October 28, 2008
Fulmer addresses uncertainty
In a season that largely has gone to the dogs, Tennessee head football coach Phillip Fulmer opted for a more subdued approach in his Tuesday press conference rather than the animated, defiant demeanor that followed last month following a blowout-loss to Florida.
"I'm not a dog that barks and then runs into the house. I'm going to do my job on a daily basis, or bark from inside the house," said the Vols' embattled coach. "I'm going to do my job and do it the right way. That's all, there's only so many hours and only so many things you can fix at one particular time and lay my head on the pillow at night and know I've done it and done it right and had a lot of success doing it. Would I have done it differently? Sure I would, looking at a couple things."
While Fulmer declined to list any specific things that could have been changed, he indicated there had been discussions with offensive coordinator Dave Clawson. Tennessee's offense, which has averaged just 16.5 points per game (including defensive touchdowns) against BCS-level competition, ranked 11th in the SEC's latest scoring, rushing and total offensive statistics.
"There's no reason to get into all those things, but things that coach Clawson and I sat and talked about," Fulmer said. "We would've probably done differently a little bit.
Or something in the kicking game."
While Fulmer almost systematically outlined his resume as Tennessee's coach during his 30-minute press conference, Vols defensive coordinator John Chavis addressed the matter within minutes of taking the podium.
"Well, there's a lot of things you could say and one would be not to answer the question, but I'm a big boy," Chavis said when asked of the uncertainty surrounding Fulmer's future at UT. "Certainly I look at a man who's won 150 ballgames and done some things at this university that hadn't been done before and done it with class. Certainly the way it's supposed to be done. I'm not going to deal with speculation; whatever happens, happens. I'm getting paid well to do what I'm doing and I'm going to go out and bust my rear-end and do everything I can to help this team and coach Fulmer be successful.
"When you look at the success
But you have to understand that speculation is speculation. There's a lot of, I guess, sources, untitled or unknown sources. It's easy to stand back and make those kinds of statements about unknown sources or sources that aren't going to be revealed. I'm not going to be caught up in that. My focus is helping this football team and helping coach Fulmer prepare this football team to be the best it can be. And that's our goal. That's been our goal the 17 years I've been with him, and that will continue to be our goal. I couldn't be any prouder to be working for Phillip Fulmer right now or at any point in this time."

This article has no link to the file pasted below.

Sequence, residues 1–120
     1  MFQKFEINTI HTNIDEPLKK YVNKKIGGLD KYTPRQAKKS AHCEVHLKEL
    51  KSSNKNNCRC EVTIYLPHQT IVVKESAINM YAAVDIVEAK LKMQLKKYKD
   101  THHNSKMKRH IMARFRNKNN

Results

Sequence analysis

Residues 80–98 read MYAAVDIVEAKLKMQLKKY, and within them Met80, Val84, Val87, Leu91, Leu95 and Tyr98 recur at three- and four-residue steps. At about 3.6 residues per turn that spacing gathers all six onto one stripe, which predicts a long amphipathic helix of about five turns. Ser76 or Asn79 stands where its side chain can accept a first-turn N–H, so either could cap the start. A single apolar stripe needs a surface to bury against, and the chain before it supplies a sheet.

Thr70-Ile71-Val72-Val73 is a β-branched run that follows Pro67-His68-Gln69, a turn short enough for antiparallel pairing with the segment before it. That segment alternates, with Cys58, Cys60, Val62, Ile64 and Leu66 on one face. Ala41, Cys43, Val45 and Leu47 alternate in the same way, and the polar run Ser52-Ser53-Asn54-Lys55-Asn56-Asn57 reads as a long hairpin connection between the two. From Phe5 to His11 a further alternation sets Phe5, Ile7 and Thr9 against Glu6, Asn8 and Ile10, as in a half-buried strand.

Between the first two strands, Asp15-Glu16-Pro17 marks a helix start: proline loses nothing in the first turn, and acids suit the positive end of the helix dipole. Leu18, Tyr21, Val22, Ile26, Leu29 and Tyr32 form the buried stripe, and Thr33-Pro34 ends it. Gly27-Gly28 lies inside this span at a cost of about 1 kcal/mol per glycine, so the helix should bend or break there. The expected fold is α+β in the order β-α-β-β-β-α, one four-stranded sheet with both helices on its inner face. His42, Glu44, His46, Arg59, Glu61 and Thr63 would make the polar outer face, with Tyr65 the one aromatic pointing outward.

Fulmer made it clear he would focus on the task at hand -- finding a way to get a win at South Carolina Saturday (7 p.m., ESPN2) -- but dismissed the "chatter" that has surrounded his future at Tennessee.
"That would be the first thing I said, we try to focus on the objectives rather than the obstacles," said Fulmer, who overall is 150-50 as UT's coach but is just 27-19 since the 2005 season. "Every day you go to work to try and figure out how to win a football game. So much of what is 'chattered' -- as you called it -- other places is misinformation that you don't even bother paying attention to. Win enough games
my charge is to run a clean program and I've done that, to teach young men about life and leadership and academics and I think we've done a good job of that, and win more games than we lose, and we've done that.
"In the short term, it's not where anybody wants it to be starting with me. I'm just going to go to work and do the very very best I can for the Tennessee family."
Facing mounting pressure for a season that has failed to meet any of the team's preseason goals and includes losses to the Vols' three biggest rivals for the third time since 2002, Fulmer was asked how he would convince Tennessee's fan base that the program has reason for hope moving forward.
"I do think there was a bit of a transition in an (new) offensive system, more than I could ever imagine but we're through that," Fulmer said of an offensive staff with four new coaches but 10 returning starters. "We're well through that. We're not making mistakes the system caused, now we're hopeful we're more established at quarterback, we have a good number of young guys that are really talented players that everybody's excited about. Sophomores and Freshmen and some juniors.
"If you count all that recruiting stuff, we've got the No. 7 recruiting class in the country (according to Rivals.com), going through what we're going through. If we can hang on to those guys and add to it a little bit, there's a lot. We're in that age of instant gratification and what have you done lately, and I understand that."
Sophomore quarterback Nick Stephens, who assumed the offense's reins once Jonathan Crompton was benched for his ineffective play, acknowledged it has become increasingly challenging to remain focused.
"It's tough. Everything is tough right now," said the Flower Mound, Texas, native. "This season has not gone the way anyone wanted it to go. It's hard to put all the focus on this one game, but we have to do it. We know in order to win out we have to win this one."
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